4 breakfast foods that will boost your brain power

I don’t know about you, but for me, spring is the time of year that says, “lighten up!”

That means lighter clothing, lighter food, less weight after the hunched cold of a long Maine winter.

This winter, I’ve noticed that it’s gotten harder and harder for me to maintain my focus while working. I get up full of energy, but it soon seeps away, and all I want is a nap.

Time to change all that. Starting with a better breakfast.

I’ve known for a while that what I choose to eat in the morning can have a very real effect on my brain power and focus for the rest of the day. So, I’ve made it a point to find some of the best “brain foods” and combine them for a powerhouse breakfast.

Here, in no particular order, are my top four breakfast foods, how they can help you stay sharp, and how I’ve combined them into some easy breakfast recipes.

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Breakfast brainfoods: The top 4

Honey. If you’re in your 50s or beyond and your memory isn’t quite what it used to be, it isn’t a cause for alarm. For postmenopausal women, in particular, this is quite common.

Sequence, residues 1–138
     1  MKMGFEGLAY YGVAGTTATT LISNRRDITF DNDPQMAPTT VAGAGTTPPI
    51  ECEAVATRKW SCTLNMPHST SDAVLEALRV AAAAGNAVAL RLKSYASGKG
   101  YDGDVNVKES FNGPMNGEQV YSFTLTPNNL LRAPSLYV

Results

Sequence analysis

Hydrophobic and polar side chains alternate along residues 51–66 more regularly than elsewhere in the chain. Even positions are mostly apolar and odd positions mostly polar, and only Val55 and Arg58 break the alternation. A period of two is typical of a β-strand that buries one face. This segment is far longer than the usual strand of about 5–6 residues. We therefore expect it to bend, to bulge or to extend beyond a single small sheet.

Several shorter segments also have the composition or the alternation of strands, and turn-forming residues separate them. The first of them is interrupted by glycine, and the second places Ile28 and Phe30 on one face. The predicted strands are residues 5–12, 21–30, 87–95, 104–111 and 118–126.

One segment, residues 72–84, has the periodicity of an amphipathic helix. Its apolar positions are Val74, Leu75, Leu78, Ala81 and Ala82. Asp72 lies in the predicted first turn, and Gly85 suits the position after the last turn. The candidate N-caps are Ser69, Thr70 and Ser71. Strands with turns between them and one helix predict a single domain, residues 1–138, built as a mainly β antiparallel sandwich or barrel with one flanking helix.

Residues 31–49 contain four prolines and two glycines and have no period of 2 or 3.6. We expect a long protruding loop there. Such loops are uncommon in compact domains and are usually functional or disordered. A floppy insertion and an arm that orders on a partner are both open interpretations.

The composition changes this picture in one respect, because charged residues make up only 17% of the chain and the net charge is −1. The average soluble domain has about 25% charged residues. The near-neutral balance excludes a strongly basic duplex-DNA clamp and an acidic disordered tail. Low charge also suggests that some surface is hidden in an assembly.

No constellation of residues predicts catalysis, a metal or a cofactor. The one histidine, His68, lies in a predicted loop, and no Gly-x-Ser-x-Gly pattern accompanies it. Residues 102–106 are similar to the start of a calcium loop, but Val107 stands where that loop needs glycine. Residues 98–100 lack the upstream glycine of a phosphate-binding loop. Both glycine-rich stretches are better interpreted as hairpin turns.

With lower estrogen levels, estrogen can no longer play its part in brain function as it did when you were younger. Short-term memory lapses like forgetting a name or where you put your keys often follow.

Some women opt for short-term hormone replacement therapy as a solution. But long-term, HRT might increase your chances of heart disease, stroke, and breast cancer.

Instead of hormones, try honey. It’s been found to improve memory just as well as HRT.

One study showed that apigenin, a flavonoid that is a main component of honey, increased learning and memory ability, as well as blood flow to the brain, in mice whose brains had amyloid-β, the plaque that causes Alzheimer’s disease.

Oats. Unlike many breakfast cereals, especially the ones full of added sugars and carbs, oats are slow-release carbs — and that means the sugars in oatmeal are released slowly into the bloodstream, providing longer-lasting energy to keep you focused as the morning goes on.

And oatmeal is prebiotic. Its high fiber content promotes the growth of beneficial gut bacteria that help prevent brain inflammation.

Blueberries. Research shows that just twelve weeks of drinking blueberry juice resulted in greater blood flow to the brain, better short-term memory, and a significant increase in brain activity indicating healthy cognitive functioning.

On top of that, blueberries are one of those “superfoods” that is great for your overall health, reducing your risk for diabetes, heart disease, and hypertension.

Walnuts. Walnuts are another superfood that many people aren’t taking full advantage of. A shelled walnut even resembles a human brain!

Walnuts are rich in linolenic and alpha-linolenic acid (omega-6 and omega-3 fatty acids). Both of these healthy fats have been shown to boost brain function, and are heart-healthy, too. And keeping your heart healthy will support better brain functioning as you get older.